The way I see the broadening of wealth management with Food is through AI algorithms that we will eventually trust, as we become convinced that they know us better than we know ourselves. Once this cultural shift happens, then foodAI advisory will become ubiquitous. We will entrust the mathematics, the algorithms to advise us on Diversification, risk management, and investing around food.
All this will be 100% linked to our customized insurance policies naturally. It will also affect our risk appetite in financial investing as science will put us in more control of our life expectancy and Immortality will become in. Audrey de Grey, the renowned biomedical gerontologist, wants to increase human longevity to the point that death could become a thing of the past. Medical technology could soon be able to prevent us from falling sick. Yuval Noah Harari, also talks about the `Last Days of Death` in Homo Deus.
Even if this doesn’t happen in the next 50yrs, food AI advisory will happen and the best way will be to integrate these services with the advisory of today`s conventional assets in wealth management. My US dollars, my Canadian dollars, my euros, my Swiss francs, and my food consumption, risk management, diversification; all in one place.
In the US, the USDA issues a monthly report on what food should cost families nationwide, presented in four different priced plans: thrifty, low cost, moderate cost, and liberal. Food costs, as a % of income, have been declining dramatically in the US (not the case in emerging markets). Whether food costs are 10% or 40% of household incomes, the point is there is a huge opportunity to manage `what and how I eat`, and just looking at the food budget which misses the entire opportunity.
My vision is that there is no distinction between PFM, robo advisors, private banking for HNW and health. Our wealth and health have to be managed in one place. Ideally, lets deploy blockchain technology to manage our data in a `personal locker` fashion and then let’s outsource the processing and the insights from this data to the best algorithms that act in our interest and advise us on what to eat, what to buy, how to diversify, how to rebalance, what risks match our goals etc. Whether it is food or money.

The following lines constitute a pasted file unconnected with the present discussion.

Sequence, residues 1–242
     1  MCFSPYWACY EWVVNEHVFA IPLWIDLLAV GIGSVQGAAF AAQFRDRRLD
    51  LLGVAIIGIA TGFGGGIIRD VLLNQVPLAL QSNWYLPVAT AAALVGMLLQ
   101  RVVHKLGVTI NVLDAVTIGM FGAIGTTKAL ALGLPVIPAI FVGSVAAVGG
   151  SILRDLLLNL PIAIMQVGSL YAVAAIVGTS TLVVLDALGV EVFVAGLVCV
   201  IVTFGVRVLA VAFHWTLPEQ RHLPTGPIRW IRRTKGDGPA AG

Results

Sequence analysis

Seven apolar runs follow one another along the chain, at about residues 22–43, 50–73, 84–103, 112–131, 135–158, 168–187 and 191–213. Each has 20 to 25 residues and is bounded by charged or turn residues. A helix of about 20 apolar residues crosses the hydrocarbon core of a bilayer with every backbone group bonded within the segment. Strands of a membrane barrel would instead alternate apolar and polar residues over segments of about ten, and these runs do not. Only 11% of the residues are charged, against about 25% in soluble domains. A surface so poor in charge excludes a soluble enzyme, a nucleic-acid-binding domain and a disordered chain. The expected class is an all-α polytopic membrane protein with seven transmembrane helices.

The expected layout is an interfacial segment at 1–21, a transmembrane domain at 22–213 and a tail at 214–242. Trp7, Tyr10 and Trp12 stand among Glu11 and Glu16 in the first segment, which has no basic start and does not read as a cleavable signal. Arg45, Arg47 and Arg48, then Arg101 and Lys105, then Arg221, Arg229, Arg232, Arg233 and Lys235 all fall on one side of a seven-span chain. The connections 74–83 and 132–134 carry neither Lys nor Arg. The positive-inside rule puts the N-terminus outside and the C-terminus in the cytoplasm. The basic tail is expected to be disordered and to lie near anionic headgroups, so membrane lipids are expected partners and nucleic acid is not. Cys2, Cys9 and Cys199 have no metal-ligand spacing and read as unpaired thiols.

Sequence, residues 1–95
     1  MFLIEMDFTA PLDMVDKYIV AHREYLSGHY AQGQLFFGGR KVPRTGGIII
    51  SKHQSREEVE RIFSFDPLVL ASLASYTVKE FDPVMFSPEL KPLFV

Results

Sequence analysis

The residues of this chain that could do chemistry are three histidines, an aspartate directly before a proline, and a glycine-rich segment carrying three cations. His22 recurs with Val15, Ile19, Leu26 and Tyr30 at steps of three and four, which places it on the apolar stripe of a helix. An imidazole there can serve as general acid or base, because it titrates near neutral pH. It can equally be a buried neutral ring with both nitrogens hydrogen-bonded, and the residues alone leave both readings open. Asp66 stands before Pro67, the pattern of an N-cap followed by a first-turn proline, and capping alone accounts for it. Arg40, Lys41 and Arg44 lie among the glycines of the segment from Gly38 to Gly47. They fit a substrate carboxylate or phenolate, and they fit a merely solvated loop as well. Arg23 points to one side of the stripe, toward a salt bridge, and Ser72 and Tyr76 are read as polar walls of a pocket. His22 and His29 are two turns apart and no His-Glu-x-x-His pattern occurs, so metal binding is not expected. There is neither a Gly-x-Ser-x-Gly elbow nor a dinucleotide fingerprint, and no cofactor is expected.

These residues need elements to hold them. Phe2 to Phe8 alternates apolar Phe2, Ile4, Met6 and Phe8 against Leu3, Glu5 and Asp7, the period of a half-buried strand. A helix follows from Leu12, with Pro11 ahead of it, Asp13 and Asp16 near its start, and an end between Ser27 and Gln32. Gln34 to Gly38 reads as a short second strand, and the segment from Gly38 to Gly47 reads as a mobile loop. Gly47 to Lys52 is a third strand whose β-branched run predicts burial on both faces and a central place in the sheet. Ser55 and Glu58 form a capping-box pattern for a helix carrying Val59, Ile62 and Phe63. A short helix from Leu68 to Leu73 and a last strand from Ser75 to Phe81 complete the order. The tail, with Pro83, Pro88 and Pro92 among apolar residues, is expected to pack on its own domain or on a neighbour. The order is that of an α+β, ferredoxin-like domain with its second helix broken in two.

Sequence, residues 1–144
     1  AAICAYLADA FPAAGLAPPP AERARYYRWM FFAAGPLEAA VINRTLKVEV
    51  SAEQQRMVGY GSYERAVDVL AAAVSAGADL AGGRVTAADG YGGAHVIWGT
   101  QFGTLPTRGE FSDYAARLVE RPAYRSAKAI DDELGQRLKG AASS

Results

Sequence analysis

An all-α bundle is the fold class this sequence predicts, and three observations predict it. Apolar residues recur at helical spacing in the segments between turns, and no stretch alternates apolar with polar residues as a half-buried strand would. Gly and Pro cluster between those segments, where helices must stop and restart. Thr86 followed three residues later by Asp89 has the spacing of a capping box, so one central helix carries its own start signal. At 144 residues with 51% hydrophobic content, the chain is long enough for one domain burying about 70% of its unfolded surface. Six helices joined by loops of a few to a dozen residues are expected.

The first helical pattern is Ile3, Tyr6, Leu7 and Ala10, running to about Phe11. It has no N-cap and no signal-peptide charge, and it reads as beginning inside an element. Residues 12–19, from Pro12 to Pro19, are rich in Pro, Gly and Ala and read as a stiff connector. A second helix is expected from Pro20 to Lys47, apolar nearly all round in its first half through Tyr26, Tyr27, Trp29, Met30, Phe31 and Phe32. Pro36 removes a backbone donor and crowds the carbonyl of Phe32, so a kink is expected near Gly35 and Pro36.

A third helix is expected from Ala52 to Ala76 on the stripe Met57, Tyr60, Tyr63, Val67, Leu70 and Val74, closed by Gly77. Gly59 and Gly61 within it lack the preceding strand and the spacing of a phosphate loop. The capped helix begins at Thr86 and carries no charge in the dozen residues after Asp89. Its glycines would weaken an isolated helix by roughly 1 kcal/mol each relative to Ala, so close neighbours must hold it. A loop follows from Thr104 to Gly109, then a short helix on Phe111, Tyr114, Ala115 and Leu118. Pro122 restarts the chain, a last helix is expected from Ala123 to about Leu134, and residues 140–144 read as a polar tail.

Tokenization can also unlock value in this context by creating communities linked by incentives built-in the tokens, that share similar food habits and or financial goals.
Blockchain can protect us from the data monopoly slavery and enable us to unlock value.
Fintech can empower us as asset owners of these new values.
 These are my personal actual holdings since I have lived in each of these currency places and still hold accounts. Still looking for an aggregator to view and manage all these on a single dashboard. Fintech is not done.
Since the AI boom, there have been several stories about people losing jobs. Repetitive jobs are the ones that are most suited for robots to take over. So would there be a time when we get to tell the Regulators “You are Fired”?
Regtech had a phenomenal year 2017, with global funding reaching $1.1 Billion across 81 deals. And the first half of 2018 alone saw funding go past $1.3 Billion across 36 investment deals (KPMG Research). Thanks to an avalanche of regulations that banks had to comply with from PSD2, GDPR, MiFID2.
Since the 2008 financial crisis, banks have paid $321 BILLION in fines
The SEC allocated $1.78 Billion to employ 4870 who were making sure Banks were compliant. Now, with the rise of AI across the regulatory value chain, the efficiencies to be had are immense with intelligent automation.
With an ocean of regulatory text to go through, and with several regulatory alerts to monitor on a regular basis, AI would be the way forward. I remember my Barclays days when there were several vendors claiming to make regulatory reporting easier through a workflow solution.
When I was at PwC, we started exploring solutions like IBM Watson for regulatory and legal language parsing. Regtechs were getting more and more intelligent, and with the amount of capital that was flowing into this space, they had to. Thanks to those efforts, there are several players to proactively identify and predict risks.